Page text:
Under the Skin: Why Opposed Piston Engines Are Coming Back to the Roads Car News

Teaching an old dog new tricks isn’t supposed to be possible, but American company Achates Power is clearly on to something with its revamped version of an early combustion engine concept: the opposing piston engine, or OPE in abbreviated.

Instead of a single crankshaft driven by reciprocating pistons in their own bores, an OPE has two crankshafts connected by opposing gears and two pistons in each bore. Fuel is injected between the two pistons as they come together and the ignition pushes the pistons out of the way, thus driving the crankshafts.

Achates offers several versions of its OPE, diesel and gasoline, designed for everything from everyday cars to military vehicles.

The gasoline version, which is currently being tested in a Ford F-150 pickup truck, is a 2.7-liter three-cylinder unit developing 270 hp and 480 lb-ft of torque. Despite the combustion of gasoline, it is a compression ignition gasoline engine (GCI), which means that it ignites the fuel and air by squeezing it hard enough to generate heat, and this heat, along with the residual hot exhaust gases deliberately left trapped in the cylinders, ignites the fuel. As in a conventional diesel engine, there are no spark plugs and no electric ignition system. The fuel is injected directly not at the top of the two pistons but at a tangent between them.

Air enters the engine through the cylinder ports and the exhaust outlets through another set of ports in the same manner, typical of a two-stroke engine. Air is supplied to the cylinders by the combination of a compressor and a variable geometry turbocharger. The pneumatic system not only fills the cylinders with air, but also discharges the exhaust gases in a precisely controlled manner. This approach means that the engine does not act so much as a pump to push in and out gases, reducing the pumping losses of power and efficiency that are normally experienced by combustion engines.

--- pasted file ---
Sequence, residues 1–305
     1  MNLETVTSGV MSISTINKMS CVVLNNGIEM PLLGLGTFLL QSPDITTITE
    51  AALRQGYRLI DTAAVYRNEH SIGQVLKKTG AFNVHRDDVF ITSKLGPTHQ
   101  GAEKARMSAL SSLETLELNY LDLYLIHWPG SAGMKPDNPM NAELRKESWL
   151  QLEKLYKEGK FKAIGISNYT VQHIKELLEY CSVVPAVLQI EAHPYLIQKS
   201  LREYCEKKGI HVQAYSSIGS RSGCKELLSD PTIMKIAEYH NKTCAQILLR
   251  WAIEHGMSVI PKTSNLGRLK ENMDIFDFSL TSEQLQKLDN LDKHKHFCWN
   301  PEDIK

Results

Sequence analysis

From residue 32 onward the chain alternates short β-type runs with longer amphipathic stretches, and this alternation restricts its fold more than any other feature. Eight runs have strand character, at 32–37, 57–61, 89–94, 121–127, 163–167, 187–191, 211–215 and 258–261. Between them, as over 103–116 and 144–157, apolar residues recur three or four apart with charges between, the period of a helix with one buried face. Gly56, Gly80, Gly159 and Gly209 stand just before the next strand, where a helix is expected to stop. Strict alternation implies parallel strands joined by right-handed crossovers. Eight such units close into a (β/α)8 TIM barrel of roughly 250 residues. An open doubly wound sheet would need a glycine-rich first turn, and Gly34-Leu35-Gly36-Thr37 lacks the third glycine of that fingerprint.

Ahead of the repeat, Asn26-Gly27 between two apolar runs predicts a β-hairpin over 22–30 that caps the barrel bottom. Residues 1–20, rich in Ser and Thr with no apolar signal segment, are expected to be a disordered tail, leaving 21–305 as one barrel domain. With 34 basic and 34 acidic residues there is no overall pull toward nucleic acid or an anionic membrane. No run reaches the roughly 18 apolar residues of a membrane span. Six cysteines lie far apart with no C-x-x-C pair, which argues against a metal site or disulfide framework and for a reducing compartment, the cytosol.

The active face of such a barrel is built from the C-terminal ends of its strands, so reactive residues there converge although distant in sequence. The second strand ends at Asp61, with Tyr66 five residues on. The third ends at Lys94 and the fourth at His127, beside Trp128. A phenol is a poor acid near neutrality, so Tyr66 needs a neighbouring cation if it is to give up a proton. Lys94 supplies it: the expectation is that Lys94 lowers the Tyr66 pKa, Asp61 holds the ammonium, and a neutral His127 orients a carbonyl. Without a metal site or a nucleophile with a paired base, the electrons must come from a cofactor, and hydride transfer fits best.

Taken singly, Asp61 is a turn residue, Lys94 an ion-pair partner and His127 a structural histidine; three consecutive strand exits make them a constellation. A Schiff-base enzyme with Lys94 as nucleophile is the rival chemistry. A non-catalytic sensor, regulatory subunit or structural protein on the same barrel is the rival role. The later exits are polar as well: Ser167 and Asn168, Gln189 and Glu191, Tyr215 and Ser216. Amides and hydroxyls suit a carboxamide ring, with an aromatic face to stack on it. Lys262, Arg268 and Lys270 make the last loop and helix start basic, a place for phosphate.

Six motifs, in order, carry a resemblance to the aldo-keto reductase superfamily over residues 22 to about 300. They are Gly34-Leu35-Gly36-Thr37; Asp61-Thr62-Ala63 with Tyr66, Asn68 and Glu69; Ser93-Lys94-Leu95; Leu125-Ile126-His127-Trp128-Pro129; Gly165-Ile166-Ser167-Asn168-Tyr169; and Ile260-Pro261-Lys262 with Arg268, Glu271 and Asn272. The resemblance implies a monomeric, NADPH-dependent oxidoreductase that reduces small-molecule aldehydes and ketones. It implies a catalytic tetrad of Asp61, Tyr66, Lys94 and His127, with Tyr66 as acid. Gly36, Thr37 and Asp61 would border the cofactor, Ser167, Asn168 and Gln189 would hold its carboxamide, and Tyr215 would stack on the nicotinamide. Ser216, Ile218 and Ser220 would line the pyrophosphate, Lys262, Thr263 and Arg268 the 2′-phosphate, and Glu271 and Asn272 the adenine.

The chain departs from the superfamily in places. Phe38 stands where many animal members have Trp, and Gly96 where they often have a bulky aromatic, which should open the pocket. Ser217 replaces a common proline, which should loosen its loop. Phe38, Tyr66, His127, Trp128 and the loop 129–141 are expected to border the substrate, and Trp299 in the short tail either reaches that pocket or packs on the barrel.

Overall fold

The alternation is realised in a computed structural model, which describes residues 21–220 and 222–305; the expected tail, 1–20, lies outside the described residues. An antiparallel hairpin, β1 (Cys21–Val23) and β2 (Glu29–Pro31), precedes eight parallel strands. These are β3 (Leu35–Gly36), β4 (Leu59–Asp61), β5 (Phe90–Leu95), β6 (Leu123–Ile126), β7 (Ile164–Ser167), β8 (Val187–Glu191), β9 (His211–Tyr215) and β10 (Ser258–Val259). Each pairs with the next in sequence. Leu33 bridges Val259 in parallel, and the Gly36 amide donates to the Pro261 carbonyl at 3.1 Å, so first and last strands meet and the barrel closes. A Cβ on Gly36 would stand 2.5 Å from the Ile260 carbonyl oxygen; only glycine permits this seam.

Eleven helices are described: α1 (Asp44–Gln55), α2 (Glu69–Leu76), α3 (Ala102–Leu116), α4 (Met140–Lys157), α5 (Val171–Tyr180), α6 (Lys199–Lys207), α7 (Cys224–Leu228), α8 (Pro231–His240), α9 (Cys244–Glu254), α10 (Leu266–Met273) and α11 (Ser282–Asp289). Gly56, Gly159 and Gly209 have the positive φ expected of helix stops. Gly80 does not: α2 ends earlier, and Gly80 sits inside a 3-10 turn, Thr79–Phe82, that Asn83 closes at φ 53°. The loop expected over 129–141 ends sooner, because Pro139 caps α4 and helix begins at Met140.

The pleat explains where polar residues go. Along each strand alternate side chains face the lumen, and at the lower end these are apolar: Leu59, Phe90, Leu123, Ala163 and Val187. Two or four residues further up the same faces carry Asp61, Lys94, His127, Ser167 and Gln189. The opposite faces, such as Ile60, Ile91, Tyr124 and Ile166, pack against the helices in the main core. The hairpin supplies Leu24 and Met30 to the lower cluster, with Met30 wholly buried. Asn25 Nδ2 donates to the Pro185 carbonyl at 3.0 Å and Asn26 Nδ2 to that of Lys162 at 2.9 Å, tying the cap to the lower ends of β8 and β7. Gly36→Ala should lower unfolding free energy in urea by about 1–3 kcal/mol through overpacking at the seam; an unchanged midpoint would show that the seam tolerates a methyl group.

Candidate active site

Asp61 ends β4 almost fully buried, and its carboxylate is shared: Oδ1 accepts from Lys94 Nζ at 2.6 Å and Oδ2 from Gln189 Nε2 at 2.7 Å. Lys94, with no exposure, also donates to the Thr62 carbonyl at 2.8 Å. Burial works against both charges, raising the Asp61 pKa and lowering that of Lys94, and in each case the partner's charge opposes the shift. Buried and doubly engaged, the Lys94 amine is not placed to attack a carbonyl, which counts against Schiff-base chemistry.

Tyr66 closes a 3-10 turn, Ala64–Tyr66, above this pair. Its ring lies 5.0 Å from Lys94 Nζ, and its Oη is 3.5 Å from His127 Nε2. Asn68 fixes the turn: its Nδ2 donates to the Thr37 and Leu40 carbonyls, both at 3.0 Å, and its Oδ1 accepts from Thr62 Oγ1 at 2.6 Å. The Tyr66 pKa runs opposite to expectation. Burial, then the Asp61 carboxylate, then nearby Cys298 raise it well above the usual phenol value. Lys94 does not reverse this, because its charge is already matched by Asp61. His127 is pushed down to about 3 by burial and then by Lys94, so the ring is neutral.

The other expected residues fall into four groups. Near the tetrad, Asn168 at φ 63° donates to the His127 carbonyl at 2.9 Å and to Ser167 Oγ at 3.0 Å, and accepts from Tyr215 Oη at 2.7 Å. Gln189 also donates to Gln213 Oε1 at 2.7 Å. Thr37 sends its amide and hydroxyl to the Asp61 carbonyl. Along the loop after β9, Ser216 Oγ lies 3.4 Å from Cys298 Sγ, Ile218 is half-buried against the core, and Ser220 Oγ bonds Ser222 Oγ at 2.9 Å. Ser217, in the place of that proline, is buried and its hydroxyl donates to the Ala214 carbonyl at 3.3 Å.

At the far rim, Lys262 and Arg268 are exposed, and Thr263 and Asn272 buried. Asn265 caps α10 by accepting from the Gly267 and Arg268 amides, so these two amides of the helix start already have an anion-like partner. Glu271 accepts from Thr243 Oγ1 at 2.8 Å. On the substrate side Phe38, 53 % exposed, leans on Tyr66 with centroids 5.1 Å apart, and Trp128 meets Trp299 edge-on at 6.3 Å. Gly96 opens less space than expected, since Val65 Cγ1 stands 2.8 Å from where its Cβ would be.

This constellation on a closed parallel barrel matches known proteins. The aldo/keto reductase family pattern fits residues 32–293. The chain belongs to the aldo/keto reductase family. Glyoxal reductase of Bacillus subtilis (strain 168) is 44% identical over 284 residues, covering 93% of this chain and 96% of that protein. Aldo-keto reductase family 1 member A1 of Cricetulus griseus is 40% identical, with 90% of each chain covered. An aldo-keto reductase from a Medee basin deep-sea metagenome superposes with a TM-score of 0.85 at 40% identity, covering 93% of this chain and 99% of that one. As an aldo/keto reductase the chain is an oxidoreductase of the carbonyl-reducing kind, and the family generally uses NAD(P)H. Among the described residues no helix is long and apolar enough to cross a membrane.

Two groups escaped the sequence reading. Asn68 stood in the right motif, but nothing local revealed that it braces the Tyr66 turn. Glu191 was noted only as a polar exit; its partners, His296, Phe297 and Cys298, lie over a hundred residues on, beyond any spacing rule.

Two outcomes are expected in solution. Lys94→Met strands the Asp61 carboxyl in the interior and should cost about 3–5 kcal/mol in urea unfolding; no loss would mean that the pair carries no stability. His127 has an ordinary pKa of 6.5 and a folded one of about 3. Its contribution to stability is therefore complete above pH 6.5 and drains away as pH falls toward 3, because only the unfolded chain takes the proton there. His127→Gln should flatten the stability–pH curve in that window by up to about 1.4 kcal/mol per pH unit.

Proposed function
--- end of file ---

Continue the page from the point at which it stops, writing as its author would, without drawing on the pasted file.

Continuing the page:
The advantages are low emissions (thanks to the GCI) and the fact that the engine is simpler and cheaper to manufacture than a conventional counterpart, without cylinder heads or valve trains.

The loss of cylinder heads is a factor that reduces the area relative to the volume of the engine, removing less heat, so that more of the combustion energy is transformed into mechanical energy (high thermal efficiency). In fact, when tested, the efficiency of the GCI version of the engine came close to the low CO2 levels of the diesel.

Two-stroke engines are traditionally lubricated by mixing oil with gasoline, which by modern standards is an emissions nightmare called total loss lubrication, but Achates’ OPE is lubricated separately. , like any other car engine, so this is not a problem. The beauty of the two-stroke cycle is that it is much more energy dense than the four-stroke equivalent, as it pulls twice as often (every two strokes instead of every four), so over work at the same time.

OPEs have been around forever, powering ships, tanks, and railroad locomotives since around 1900. Achates claims their OPEs are 30-50% more efficient than equivalent gasoline and diesel engines and 10% cheaper to manufacture than a gasoline and diesel engine. Supercharged V6 doing the same job. The company plans to put a 1,000 hp advanced combat engine (ACE) diesel into production in 2024.

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This notice was published: 2021-05-09 23:01:25